Commentary on Political Economy

Sunday 25 July 2021

China’s vaccine diplomacy collapses in South East Asia | Taiwan News | 2021-07-25 11:10:00

A medical worker gives a shot of the Sinovac COVID-19 vaccine in Indonesia.

A medical worker gives a shot of the Sinovac COVID-19 vaccine in Indonesia. (AP photo)

During the first six months of 2021, while the U.S. and Europe were struggling to secure enough vaccines for their populations, thousands of miles away, China seemed to successfully control the virus. Also, it appeared to be the only source of vaccines for developing countries, especially in Southeast Asia.

Many millions of China-made vaccines have been sent to countries in Southeast Asia. The Philippines, Indonesia, and Cambodia received most China-made vaccines in the region, both purchased and donated. On Jan. 13, Indonesian President Joko Widodo got his first Sinovac vaccine shot, publicly on TV, to start a mass COVID-19 vaccine campaign across the country.

Just a few months later, Indonesia is deep in chaos. The number of COVID cases is increasing rapidly. Experts around the world warn the situation in Indonesia could become worse than what happened in India, if the Indonesian government doesn't act immediately.

Other Southeast Asia countries such as Thailand, Cambodia, and Malaysia, have been in the same situation. The number of new cases reported in those countries is higher every single day. One notable point is that those countries that were so successful in controlling the virus in 2020 all relied on vaccines from China.

However, the increasing number of vaccinated medical staff in Indonesia who have been infected or died of the coronavirus has raised many questions about the efficiency of vaccines from China. According to Reuters, Singapore, Thailand, and Malaysia have to make their decision on vaccines from China.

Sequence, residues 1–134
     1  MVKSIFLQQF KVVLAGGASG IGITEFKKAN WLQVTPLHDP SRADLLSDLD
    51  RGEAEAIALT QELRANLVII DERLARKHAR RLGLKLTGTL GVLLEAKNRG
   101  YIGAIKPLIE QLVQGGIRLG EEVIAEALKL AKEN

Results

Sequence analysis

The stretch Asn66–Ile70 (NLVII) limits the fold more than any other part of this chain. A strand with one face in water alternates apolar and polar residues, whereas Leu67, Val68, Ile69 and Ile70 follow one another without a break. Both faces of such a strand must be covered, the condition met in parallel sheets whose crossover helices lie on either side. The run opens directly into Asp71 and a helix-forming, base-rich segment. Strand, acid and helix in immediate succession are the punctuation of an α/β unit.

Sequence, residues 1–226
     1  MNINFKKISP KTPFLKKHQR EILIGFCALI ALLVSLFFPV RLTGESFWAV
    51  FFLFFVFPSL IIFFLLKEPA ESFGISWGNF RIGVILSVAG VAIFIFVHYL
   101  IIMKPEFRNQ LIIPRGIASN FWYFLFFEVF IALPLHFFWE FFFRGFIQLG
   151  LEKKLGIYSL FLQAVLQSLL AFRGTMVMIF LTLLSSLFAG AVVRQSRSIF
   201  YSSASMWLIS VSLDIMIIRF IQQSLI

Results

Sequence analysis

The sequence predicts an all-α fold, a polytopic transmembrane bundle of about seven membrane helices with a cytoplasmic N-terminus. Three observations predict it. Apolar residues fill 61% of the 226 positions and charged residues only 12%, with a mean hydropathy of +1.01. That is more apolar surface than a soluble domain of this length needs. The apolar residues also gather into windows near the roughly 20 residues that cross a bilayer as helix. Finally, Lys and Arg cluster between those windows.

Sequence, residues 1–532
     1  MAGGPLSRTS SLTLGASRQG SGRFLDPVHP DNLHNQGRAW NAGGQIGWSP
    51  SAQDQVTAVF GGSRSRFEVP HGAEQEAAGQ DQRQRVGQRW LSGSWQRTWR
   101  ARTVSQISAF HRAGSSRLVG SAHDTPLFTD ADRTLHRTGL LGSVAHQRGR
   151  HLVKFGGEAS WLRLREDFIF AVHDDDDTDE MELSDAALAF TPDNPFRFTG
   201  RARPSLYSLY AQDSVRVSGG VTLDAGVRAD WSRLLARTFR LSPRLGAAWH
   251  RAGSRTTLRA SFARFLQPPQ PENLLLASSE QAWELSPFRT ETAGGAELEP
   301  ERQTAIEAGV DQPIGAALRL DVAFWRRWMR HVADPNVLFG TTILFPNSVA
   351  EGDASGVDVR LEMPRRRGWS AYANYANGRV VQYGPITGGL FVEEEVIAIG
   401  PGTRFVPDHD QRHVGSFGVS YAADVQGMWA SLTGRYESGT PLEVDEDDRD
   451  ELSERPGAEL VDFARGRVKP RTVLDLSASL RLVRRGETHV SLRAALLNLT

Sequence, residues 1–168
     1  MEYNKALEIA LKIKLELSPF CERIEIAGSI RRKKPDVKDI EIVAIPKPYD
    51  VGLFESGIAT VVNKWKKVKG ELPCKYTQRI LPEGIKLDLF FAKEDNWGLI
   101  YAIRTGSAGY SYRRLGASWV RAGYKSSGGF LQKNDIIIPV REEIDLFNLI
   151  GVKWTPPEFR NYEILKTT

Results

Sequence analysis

Singapore will not include people who got Sinovac shots in its vaccinated group. Thailand said people who received the Sinovac shot should receive AstraZeneca as their second shot. Meanwhile, Malaysia will stop using the Sinovac vaccine once its supplies end.

Not far away from those countries, although Vietnam's authorities don’t have any clear statement on the Chinese-made vaccines, the Vietnamese public has sent a strong and clear message to the Chinese government: ”No, thank you.”

In many forums and social media platforms the Vietnamese public doesn’t hesitate to tell the world that they don't trust made-in-China vaccines. It doesn't stop there, the attitude of the Vietnamese people to China on vaccines has changed from distrusting to becoming angry now they know the Chinese communist government decided how the vaccine is used — even though China said the vaccine was a gift to Vietnam.

China's vaccine tactic has failed since the first days. Instead of using the vaccine to help countries in need and fix its relationships with other Southeast Asian countries due to disputes in the South China Sea, China has used its vaccine as a tool to get a political advantage. But, that is not the only reason China's vaccine diplomacy collapsed. The new variants of coronavirus are a test for made-in-China vaccines, and China has failed that test. 

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